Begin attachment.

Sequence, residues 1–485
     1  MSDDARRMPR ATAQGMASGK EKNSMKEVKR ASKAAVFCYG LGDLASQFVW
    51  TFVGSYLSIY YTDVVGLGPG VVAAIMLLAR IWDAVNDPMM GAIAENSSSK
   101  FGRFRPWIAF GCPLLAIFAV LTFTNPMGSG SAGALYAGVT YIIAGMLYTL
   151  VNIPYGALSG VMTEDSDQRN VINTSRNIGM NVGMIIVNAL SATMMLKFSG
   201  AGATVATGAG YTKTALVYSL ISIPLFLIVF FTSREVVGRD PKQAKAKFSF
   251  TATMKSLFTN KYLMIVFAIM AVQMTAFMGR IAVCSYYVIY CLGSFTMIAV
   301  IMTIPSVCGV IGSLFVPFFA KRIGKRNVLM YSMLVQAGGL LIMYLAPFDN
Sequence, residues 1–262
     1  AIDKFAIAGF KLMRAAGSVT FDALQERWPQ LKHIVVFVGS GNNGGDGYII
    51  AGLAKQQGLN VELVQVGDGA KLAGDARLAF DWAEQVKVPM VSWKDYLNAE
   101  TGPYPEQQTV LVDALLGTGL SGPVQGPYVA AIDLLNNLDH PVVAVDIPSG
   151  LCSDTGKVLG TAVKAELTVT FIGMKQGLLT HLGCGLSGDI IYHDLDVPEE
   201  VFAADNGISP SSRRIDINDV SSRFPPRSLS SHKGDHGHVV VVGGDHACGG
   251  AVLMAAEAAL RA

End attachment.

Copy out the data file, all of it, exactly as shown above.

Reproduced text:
Sequence, residues 1–485
     1  MSDDARRMPR ATAQGMASGK EKNSMKEVKR ASKAAVFCYG LGDLASQFVW
    51  TFVGSYLSIY YTDVVGLGPG VVAAIMLLAR IWDAVNDPMM GAIAENSSSK
   101  FGRFRPWIAF GCPLLAIFAV LTFTNPMGSG SAGALYAGVT YIIAGMLYTL
   151  VNIPYGALSG VMTEDSDQRN VINTSRNIGM NVGMIIVNAL SATMMLKFSG
   201  AGATVATGAG YTKTALVYSL ISIPLFLIVF FTSREVVGRD PKQAKAKFSF
   251  TATMKSLFTN KYLMIVFAIM AVQMTAFMGR IAVCSYYVIY CLGSFTMIAV
   301  IMTIPSVCGV IGSLFVPFFA KRIGKRNVLM YSMLVQAGGL LIMYLAPFDN
Sequence, residues 1–262
     1  AIDKFAIAGF KLMRAAGSVT FDALQERWPQ LKHIVVFVGS GNNGGDGYII
    51  AGLAKQQGLN VELVQVGDGA KLAGDARLAF DWAEQVKVPM VSWKDYLNAE
   101  TGPYPEQQTV LVDALLGTGL SGPVQGPYVA AIDLLNNLDH PVVAVDIPSG
   151  LCSDTGKVLG TAVKAELTVT FIGMKQGLLT HLGCGLSGDI IYHDLDVPEE
   201  VFAADNGISP SSRRIDINDV SSRFPPRSLS SHKGDHGHVV VVGGDHACGG
   251  AVLMAAEAAL RA